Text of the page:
Helen Cook may have known her killer because a maintenance man who found her body in her apartment off Best Street Monday found no signs of a break-in, her landlord said today.
However, police said there are no suspects or motive one day after they opened a homicide investigation into the killing.
Ms. Cook, 63, was stabbed several times in her home at 49 Jaktram Court in the Pilgrim Village town houses off Best and Michigan streets. She was taken to nearby Buffalo General Hospital, where she was pronounced dead at 10:56 a.m.
"We really wanted to stress that . . . There was no forced entry; that's a fact," said Mark Trammell, executive director of Trammell Associates, which owns Pilgrim Village. "We were right there at the scene. It was very evident."
Trammell Associates is owned by Wilbur P. Trammell, the former City Court judge who ran for mayor in 1989.
The maintenance man discovered the body after Ms. Cook's granddaughter called the rental office because she was worried about her grandmother, said Assistant Chief of Detectives Gregory Simonian. The assistant chief said Ms. Cook had promised to call her granddaughter after the two had a phone conversation Monday morning.
"We got the call at 10:25 (a.m.) from 911, which was contacted by one of the maintenance men," Simonian said.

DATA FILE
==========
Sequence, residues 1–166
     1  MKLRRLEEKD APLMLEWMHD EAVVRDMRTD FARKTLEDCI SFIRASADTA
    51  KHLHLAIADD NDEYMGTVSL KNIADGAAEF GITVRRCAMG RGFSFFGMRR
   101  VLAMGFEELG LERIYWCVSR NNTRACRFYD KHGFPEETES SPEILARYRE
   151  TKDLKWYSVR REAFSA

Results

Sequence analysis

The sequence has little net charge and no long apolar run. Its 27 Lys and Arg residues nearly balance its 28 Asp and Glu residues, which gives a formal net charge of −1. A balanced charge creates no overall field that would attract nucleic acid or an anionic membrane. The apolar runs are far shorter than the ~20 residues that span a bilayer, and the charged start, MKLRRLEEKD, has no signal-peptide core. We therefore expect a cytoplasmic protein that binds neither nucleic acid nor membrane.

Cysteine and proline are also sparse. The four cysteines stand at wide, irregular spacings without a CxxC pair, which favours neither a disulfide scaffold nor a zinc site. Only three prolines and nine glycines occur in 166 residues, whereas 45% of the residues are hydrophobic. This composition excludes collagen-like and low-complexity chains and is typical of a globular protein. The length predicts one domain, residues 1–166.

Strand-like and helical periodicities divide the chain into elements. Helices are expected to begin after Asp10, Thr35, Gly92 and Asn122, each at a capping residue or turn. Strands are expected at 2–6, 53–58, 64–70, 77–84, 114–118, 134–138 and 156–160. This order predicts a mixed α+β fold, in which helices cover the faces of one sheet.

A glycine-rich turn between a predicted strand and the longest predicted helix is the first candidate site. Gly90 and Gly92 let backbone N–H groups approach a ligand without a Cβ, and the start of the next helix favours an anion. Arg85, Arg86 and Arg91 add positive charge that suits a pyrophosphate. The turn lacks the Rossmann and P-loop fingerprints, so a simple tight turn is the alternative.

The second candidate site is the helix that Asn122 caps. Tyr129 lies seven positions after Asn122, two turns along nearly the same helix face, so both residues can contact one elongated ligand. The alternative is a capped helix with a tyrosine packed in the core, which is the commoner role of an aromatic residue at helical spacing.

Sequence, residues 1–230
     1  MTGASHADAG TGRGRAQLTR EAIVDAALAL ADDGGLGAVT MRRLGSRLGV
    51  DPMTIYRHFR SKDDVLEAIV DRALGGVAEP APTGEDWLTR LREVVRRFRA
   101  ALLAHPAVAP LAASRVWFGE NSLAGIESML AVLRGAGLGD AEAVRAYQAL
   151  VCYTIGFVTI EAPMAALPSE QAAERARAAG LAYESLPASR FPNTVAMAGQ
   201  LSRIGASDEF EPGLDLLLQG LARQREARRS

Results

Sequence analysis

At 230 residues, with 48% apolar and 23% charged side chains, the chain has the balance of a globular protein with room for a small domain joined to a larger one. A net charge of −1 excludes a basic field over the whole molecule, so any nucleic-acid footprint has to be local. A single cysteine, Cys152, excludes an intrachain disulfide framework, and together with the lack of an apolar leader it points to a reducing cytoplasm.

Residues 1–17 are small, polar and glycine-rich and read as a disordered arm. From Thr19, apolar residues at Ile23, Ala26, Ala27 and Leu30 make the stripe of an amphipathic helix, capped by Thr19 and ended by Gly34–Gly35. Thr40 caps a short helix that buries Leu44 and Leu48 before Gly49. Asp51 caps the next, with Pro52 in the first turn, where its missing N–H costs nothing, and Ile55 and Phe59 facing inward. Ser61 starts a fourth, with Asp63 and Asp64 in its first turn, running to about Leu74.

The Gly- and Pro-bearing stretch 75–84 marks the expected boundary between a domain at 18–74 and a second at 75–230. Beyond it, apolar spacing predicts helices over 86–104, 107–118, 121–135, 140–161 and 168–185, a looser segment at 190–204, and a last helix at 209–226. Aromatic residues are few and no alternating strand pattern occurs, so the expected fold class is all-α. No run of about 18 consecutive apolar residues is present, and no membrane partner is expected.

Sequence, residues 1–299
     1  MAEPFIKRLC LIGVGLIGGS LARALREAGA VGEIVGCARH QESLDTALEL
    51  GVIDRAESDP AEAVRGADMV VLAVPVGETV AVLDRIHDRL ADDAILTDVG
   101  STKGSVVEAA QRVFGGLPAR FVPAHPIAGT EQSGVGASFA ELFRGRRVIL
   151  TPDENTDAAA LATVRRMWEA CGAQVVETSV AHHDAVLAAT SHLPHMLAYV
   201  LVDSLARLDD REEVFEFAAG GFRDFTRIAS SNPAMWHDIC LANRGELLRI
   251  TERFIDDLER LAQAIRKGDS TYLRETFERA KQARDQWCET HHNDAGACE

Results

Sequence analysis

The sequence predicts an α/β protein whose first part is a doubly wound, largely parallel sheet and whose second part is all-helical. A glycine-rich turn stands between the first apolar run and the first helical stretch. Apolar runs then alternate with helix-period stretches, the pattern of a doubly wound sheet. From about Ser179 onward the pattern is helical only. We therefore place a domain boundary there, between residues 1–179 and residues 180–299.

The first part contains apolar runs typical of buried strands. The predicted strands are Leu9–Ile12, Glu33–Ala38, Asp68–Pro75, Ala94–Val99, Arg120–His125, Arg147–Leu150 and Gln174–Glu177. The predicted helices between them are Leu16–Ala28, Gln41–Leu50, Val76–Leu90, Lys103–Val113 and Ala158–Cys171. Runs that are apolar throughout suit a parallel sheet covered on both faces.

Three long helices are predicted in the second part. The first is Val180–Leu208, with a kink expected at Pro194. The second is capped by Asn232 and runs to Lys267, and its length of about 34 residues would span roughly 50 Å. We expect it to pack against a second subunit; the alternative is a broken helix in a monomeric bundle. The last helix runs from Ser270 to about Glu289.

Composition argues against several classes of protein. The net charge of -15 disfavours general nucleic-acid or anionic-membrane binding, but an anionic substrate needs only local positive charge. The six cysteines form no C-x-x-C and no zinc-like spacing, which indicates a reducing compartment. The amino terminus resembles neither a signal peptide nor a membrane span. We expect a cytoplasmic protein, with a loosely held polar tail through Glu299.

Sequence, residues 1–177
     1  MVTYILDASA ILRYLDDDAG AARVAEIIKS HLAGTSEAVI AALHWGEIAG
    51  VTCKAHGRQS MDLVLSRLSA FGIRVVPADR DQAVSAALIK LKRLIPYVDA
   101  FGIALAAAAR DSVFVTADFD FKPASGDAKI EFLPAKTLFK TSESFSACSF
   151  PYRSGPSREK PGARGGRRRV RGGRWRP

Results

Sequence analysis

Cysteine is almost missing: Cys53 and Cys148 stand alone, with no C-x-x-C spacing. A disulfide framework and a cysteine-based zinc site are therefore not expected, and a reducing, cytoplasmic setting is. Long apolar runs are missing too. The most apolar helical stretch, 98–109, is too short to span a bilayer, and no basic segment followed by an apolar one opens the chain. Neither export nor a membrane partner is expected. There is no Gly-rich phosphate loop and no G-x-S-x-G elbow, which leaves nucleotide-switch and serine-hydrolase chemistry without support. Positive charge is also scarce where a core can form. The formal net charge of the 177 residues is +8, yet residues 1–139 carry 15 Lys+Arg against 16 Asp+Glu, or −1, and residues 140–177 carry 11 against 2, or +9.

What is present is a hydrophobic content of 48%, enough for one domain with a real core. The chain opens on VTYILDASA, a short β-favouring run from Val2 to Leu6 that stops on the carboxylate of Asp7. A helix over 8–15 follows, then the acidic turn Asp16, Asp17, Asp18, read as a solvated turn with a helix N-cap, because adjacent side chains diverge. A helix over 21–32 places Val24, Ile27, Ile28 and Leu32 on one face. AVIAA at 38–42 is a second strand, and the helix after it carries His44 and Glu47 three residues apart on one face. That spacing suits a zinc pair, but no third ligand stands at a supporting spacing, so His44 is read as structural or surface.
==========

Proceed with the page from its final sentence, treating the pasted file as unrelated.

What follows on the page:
Simonian would not say whether a murder weapon was found.
"We've gone through the house, and we're still waiting for the report from the medical examiner," said Simonian. "We questioned some people. There is no suspect in custody at this time. The motive has yet to be established."
Mark Trammell said Ms. Cook was one of the first tenants to move into Pilgrim Village, an 8-year-old development of suburban-like town houses surrounded by spacious lawns.
"I've known Ms. Cook since, I think, the beginning," he said. "I think she was one of our initial tenants. She was very conscientious. Her house was always very well kept."
"It's extremely shameful" that she was killed, he added. "It's totally deplorable."
Trammell said Pilgrim Village -- which has 18 buildings with 92 apartments -- appeals to middle-class families who enjoy living near schools, stores and two hospitals, Buffalo General and Roswell Park Cancer Institute.
Residents of the development and the surrounding neighborhood have not had problems with violent crimes or burglaries, he said. About 15 to 20 percent of the tenants are senior citizens, he said.